Factsheet - Fruit and Vegetable Serves
General healthy eating informationThe Australian Guide to Healthy Eating provides information about the amounts and kinds of food that you need to eat each day to get enough of the nutrients essential for good health and wellbeing.
- The main food groups described in the guide include:
- bread, cereals, rice, pasta, noodles
- vegetables, legumes (for example, dried peas, beans, lentils)
- milk, yoghurt, cheese
- meat, fish, poultry, eggs, nuts, legumes.
- Fruit and vegetables are an important part of healthy eating:
- Vegetables and legumes are a good source of vitamins, minerals, dietary fibre and carbohydrate.
- Fruit is a good source of vitamins, including vitamin C and folate. It also provides carbohydrates, in particular, natural sugars and fibre. Juices belong to this group, but they have a much lower fibre content than fresh fruit.
- A serve of fruit is:
- 1 medium piece, eg, apple, banana, orange, pear
- 2 small pieces, eg, apricots, kiwi fruit, plums
- 1 cup diced pieces or canned fruit
- 1/2 cup juice
- dried fruit, eg, 4 dried apricot halves, 1 1/2 tablespoons sultanas.
- A serve of vegetables or legumes is:
- 75g or 1/2 cup cooked vegetables
- 75g or 1/2 cup cooked dried beans, peas or lentils
- 1 cup salad vegetables
- 1 potato.
Serve recommendationsThere are many ways to have a healthy diet. The amount and type of food needed will vary according to factors such age and gender, and pregnancy and breastfeeding.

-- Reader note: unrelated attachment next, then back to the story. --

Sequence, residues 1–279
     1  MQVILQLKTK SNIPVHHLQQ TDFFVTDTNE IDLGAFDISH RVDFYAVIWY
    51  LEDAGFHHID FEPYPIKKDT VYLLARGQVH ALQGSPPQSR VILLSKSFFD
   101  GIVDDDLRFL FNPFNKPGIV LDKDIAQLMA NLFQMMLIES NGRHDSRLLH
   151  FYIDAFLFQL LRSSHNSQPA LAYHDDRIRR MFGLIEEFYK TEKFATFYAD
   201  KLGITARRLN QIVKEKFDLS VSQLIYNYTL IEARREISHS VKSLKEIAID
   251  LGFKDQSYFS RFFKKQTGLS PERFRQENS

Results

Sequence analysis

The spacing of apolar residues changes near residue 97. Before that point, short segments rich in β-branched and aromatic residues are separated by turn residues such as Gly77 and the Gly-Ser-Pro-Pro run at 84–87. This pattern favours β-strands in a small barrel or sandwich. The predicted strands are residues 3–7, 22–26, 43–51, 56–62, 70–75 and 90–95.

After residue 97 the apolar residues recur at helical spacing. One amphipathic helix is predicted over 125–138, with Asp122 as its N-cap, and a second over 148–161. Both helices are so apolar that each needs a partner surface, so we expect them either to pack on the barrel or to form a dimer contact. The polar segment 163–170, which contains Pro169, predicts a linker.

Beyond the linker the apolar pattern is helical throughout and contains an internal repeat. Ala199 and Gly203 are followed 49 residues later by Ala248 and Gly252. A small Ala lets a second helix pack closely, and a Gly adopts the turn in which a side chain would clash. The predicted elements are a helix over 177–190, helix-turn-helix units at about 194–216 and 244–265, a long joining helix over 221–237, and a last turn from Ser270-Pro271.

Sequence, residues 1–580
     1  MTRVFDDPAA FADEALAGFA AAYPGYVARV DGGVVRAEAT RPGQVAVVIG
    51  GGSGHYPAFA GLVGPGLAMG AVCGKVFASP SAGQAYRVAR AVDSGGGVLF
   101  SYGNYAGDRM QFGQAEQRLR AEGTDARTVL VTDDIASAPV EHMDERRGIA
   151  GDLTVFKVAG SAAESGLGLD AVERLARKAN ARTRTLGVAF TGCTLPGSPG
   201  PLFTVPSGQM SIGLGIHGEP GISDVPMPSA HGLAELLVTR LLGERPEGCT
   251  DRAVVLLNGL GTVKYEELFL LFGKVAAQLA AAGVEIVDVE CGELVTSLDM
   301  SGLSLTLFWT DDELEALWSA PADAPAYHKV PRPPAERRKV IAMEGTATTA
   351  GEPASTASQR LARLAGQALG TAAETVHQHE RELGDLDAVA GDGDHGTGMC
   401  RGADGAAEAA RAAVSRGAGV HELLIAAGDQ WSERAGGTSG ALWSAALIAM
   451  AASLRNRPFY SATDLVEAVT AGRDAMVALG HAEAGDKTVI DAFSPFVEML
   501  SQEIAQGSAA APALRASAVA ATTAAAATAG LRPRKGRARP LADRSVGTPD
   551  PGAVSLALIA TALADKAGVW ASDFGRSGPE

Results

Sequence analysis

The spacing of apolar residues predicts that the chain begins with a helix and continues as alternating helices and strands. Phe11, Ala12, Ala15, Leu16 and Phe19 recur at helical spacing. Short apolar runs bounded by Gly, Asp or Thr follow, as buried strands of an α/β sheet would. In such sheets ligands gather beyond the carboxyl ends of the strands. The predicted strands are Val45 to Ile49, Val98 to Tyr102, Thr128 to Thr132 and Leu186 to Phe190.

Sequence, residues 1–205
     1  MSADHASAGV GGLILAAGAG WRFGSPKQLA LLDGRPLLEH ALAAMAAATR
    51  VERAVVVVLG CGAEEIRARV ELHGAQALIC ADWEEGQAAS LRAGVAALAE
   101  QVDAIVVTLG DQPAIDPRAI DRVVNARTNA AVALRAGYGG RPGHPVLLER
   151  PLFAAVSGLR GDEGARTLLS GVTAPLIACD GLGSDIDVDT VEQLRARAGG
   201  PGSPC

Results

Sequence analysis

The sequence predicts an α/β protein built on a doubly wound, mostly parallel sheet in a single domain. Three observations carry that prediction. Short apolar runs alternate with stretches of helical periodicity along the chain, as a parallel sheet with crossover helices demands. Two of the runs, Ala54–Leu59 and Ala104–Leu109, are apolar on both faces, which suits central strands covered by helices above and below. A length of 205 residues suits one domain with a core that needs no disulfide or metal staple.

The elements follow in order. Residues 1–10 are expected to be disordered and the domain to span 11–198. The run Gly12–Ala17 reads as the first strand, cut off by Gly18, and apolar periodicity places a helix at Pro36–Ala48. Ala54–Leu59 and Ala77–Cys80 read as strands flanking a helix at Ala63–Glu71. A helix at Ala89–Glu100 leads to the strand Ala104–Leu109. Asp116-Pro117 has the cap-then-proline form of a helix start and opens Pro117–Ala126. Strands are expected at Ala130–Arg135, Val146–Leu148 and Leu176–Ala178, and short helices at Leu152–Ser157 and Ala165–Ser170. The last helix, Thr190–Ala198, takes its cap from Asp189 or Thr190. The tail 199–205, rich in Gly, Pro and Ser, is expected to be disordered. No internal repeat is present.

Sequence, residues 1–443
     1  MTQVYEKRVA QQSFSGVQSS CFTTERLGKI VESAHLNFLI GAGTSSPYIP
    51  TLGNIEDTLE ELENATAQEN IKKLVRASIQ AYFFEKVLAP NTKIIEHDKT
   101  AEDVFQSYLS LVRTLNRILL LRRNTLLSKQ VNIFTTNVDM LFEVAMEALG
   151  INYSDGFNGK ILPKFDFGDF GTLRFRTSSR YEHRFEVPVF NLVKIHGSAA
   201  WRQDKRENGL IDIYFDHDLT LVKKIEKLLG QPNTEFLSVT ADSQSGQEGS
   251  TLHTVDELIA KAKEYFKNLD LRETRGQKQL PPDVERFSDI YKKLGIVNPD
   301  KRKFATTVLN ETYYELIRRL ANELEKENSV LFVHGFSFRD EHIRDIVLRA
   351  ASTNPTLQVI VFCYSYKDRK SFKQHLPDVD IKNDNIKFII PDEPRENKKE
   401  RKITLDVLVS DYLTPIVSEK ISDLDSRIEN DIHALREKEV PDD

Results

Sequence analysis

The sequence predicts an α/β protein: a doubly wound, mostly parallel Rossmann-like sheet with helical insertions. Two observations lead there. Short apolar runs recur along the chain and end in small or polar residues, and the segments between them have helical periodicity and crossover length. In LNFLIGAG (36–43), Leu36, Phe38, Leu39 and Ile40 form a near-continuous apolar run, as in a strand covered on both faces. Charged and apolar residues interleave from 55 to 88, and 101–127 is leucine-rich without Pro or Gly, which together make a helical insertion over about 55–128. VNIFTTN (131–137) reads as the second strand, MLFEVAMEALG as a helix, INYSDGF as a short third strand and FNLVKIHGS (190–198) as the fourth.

The Go for 2&5™ program encourages adults to eat two serves of fruit and five serves of vegetables each day.
For children, the minimum number of serves are based on age, as follows:
- 4-7 years - 1 serve of fruit & 2 serves of vegetables
- 8-11 years - 1 serve of fruit & 3 serves of vegetables
- 12-18 years - 3 serves of fruit & 4 serves of vegetables
- In reality, the amount a child will eat at one time will depend on age, appetite and activity levels.
- Eat a variety of vegetables every day. Include:
- dark green vegetables, such as spinach and broccoli
- orange vegetables, such as sweet potato, pumpkin and carrots
- cruciferous vegetables, such as broccoli, cauliflower, cabbage, brussel sprouts
- starchy vegetables, such as potatoes, sweet potato, taro and corn
- salad vegetables, such as lettuce, tomato, cucumber and capsicum
- legumes, such as dried peas, beans, lentils and chick peas.
- Eat a wide variety of fruit each week. Include:
- apples and pears
- citrus fruit, such as oranges and mandarins
- tropical fruit, such as bananas and pineapple
- melons, such as honeydew melon, or rockmelon
- stone fruit, such as apricots and peaches.
Further informationFor further information on healthy eating or a free copy of the Australian Guide to Healthy Eating, visit www.healthyactive.gov.au
All information in this fact sheet comes from the Australian Guide to Healthy Eating.